Ah… Suze Rotolo

Portland’s first sunny weekend, and I am typing away trying to get outside and enjoy the beauty that is Oregon in May. It was ungodly hot yesterday (97f well for me hot!), and may do the same today.. so hold onto your hats!
Lots on the weekend entry, and don’t forget Radio Free Earthrites! Much going on if you want to give it a listen.
Rowan has two weeks left in his High School Career. He is chuffed about it, but yet finds it hard to drag himself down to school every day. Off to college soon!
Have A Good Weekend!
Bright Blessings,


On The Menu:

Visions Of Frisco

Ah… Suze Rotolo

Suze Rotolo & Robert…

Apparitions from Fairyland

Poetry: Teixeira de Pascoaes-Portuguese Mystic…

A wee tip of the hat: Bertolt Brecht Collage


Visions Of Frisco

Walter Medeiros has released the long anticipated opus of Wilfred Satty, ‘Visions Of Frisco’… Walter has assembled after long years doing research, and raising funding to finally publish his friends Satty’s last work. This is an amazing book, and being a limited edition very desirable for the collector. We have included a handy ordering form for you to order it with, or check out Amazon at this time. Hopefully it will soon be in at Powell’s.
Walter did the wordsmithing on this, and it reads beautifully, and is visually stunning. (of course) It is a rich assemblage, and does honor to Satty’s final collage project.
Pickit up for beauties sake, and to explore the early history of San Francisco in a wonderful hallucinogenic visual portrayal.
Ah… Suze Rotolo. One of those iconic images from another time. Generally speaking I am not nostalgic for periods in my life. I mean, right now is pretty good, and I have much to be thankful for. Oh yeah, I ache in places where I used to party, and it does take me by surprise…
There are times I am nostalgic for, but they are generally removed from the period of our lifetime, or the moments I ponder are like this photo-shoot in New York, removed and so familiar.
I listen mostly to music that is very current. I abhor getting stuck in past periods, though I do dip into them on occasion. Edith Piaf, Bertolt Brecht, Bob Dylan, Moondog, Eric Satie… all visit the cd player. Yet, I sit now listening to Solar Fields, being transported to a place of bliss…. 80) Okay, I am rambling.
Suze Rotolo has a new book of interest, and this interview:Suze Rotolo on NPR
Check out the book:New York Times Review of Freewheelin’ Time…
and purchase it here: A Freewheelin’ TIme, by Suze Rotolo
I listened to the interview the other day, and I am considering buying the book… A wonderful time in our collective history.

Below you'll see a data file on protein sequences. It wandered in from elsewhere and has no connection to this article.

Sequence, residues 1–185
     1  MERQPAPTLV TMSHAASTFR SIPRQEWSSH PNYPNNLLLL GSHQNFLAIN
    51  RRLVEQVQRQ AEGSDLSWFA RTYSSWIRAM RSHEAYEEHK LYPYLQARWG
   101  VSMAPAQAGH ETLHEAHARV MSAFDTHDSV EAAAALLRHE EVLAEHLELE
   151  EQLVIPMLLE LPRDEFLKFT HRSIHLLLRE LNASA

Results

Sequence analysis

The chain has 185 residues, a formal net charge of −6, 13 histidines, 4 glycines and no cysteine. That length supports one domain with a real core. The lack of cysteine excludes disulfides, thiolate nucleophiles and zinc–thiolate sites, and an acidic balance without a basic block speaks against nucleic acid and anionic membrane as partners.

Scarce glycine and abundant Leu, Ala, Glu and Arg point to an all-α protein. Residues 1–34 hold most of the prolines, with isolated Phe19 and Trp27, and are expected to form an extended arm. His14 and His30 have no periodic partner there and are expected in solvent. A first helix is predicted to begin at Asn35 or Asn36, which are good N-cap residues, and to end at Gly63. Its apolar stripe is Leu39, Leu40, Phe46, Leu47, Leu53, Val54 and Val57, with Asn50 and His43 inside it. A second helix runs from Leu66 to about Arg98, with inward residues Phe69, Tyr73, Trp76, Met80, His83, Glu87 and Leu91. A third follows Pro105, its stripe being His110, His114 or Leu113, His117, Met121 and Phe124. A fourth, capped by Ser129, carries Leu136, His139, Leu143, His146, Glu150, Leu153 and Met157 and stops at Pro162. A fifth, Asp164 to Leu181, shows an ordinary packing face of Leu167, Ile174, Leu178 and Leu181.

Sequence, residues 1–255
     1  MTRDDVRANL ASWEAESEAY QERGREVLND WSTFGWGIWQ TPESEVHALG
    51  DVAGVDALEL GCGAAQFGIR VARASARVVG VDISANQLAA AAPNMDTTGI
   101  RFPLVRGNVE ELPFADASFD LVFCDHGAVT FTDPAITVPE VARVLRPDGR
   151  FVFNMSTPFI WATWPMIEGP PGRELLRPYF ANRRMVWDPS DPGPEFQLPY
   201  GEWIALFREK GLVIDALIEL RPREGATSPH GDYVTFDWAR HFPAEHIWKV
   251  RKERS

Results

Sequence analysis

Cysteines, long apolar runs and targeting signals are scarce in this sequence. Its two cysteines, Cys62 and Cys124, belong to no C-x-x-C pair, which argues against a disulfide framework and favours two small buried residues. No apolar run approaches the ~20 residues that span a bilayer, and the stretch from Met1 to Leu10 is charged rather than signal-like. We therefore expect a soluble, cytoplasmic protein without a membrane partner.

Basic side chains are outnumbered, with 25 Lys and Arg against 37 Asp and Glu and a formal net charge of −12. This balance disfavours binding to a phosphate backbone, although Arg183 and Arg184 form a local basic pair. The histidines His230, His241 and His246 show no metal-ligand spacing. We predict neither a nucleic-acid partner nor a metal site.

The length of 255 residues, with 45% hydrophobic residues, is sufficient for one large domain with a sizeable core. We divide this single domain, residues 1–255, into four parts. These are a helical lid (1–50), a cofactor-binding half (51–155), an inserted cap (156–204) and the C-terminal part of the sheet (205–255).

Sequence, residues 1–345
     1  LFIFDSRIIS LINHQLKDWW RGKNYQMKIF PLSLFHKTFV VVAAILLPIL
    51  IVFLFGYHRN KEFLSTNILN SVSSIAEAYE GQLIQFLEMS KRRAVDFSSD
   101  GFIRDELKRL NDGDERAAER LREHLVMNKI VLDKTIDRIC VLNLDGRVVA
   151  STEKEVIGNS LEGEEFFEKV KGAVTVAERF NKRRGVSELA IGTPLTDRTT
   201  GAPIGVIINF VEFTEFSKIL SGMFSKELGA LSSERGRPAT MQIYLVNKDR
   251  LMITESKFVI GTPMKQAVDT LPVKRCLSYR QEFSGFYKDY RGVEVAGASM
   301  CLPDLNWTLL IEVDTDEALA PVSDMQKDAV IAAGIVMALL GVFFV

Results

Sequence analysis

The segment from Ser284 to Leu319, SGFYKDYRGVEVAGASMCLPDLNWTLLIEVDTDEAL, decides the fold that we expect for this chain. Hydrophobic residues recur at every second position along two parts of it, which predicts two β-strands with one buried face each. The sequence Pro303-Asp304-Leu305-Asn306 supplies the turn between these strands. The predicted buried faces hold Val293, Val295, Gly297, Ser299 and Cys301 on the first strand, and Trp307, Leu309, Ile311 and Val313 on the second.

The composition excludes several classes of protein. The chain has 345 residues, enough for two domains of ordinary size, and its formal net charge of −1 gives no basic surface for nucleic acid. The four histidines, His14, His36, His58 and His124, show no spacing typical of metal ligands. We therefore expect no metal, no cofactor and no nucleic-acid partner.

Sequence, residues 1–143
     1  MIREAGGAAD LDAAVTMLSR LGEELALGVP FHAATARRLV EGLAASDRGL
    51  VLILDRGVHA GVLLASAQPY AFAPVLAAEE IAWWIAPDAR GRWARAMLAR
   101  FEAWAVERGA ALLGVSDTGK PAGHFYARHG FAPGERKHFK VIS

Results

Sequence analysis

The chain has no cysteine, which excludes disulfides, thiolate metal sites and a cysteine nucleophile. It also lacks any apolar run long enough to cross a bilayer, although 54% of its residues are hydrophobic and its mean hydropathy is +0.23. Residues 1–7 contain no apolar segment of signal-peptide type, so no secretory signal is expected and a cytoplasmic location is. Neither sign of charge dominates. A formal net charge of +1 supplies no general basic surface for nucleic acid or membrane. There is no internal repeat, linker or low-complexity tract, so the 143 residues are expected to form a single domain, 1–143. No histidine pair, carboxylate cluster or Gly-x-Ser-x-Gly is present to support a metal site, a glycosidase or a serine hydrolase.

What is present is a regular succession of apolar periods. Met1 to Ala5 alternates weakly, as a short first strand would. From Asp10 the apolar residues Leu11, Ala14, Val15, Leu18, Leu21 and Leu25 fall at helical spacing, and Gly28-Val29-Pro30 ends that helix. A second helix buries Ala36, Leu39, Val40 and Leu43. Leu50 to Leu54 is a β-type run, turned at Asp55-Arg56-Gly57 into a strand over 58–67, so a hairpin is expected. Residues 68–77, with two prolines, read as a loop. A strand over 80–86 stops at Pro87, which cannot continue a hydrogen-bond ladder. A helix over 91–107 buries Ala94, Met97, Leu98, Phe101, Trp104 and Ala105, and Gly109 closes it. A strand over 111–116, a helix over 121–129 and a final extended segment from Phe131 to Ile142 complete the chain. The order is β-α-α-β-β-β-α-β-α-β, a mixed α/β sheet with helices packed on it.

Suze Rotolo & Robert…



Apparitions from Fairyland
[Note: This is taken from W.Y. Evans Wentz’s The Fairy Faith in Celtic Countries.]
Our next witness is the Rev. Father – ‘a professor in a Catholic college in West Ireland, and most of his statements are based on events which happened among his own acquaintances and relatives, and his deductions are the result of careful investigation :-
Apparitions from Fairyland.- ‘Some twenty to thirty years ago, on the borders of County Roscommon near County Sligo, according to the firm belief of one of my own relatives, a sister of his was taken by the fairies on her wedding-night, and she appeared to her mother afterwards as an apparition. She seemed to want to speak, but her mother, who was in bed at the time, was thoroughly frightened, and turned her face to the wall. The mother is convinced that she saw this apparition of her daughter, and my relative thinks she might have saved her.
‘This same relative who gives it as his opinion that his sister was taken by the fairies, at a different time saw the apparition of another relative of mine who also, according to similar belief, had been taken by the fairies when only five years old. The child-apparition appeared beside its living sister one day while the sister was going from the yard into the house, and it followed her in. It is said the child was taken because she was such a good girl.’
Nature of the Belief in Fairies.-
‘As children we were always afraid of fairies, and were taught to say “ God bless them! God bless them!” whenever we heard them mentioned.
‘In our family we always made it a point to have clean water in the house at night for the fairies.
‘If anything like dirty water was thrown out of doors after dark it was necessary to say “ Hugga, hugga salach!” as a warning to the fairies not to get their clothes wet.
‘Untasted food, like milk, used to be left on the table at night for the fairies. If you were eating and food fell from you, it was not right to take it back, for the fairies wanted it. Many families are very serious about this even now. The luckiest thing to do in such cases is to pick up the food and eat just a speck of it and then throw the rest away to the fairies.
‘Ghosts and apparitions are commonly said to live in isolated thorn-bushes, or thorn-trees. Many lonely bushes of this kind have their ghosts. For example, there is Fanny’s Bush, Sally’s Bush, and another I know of in County Sligo near Boyle.’
Personal Opinions.- ‘ The fairies of any one race are the people of the preceding race-the Fomors for the Fir Boigs, the Fir Boigs for the Dananns, and the Dananns for us. The old races died. Where did they go? They became spirits – and fairies. Second-sight gave our race power to see the inner world. When Christianity came to Ireland the people had no definite heaven. Before, their ideas about the other world were vague. But the older ideas of a spirit world remained side by side with the Christian ones, and being preserved in a subconscious way gave rise to the fairy world.’
Our next place for investigation will be the ancient province of the great fairy-queen Meave, who made herself famous by leading against Cuchulainn the united armies of four of the five provinces of Ireland, and all on account of a bull which she coveted. And there could be no better part of it to visit than Roscommon, which Dr. Douglas Hyde has made popular in Irish folk-lore.
Dr. Hyde and the Leprechaun.-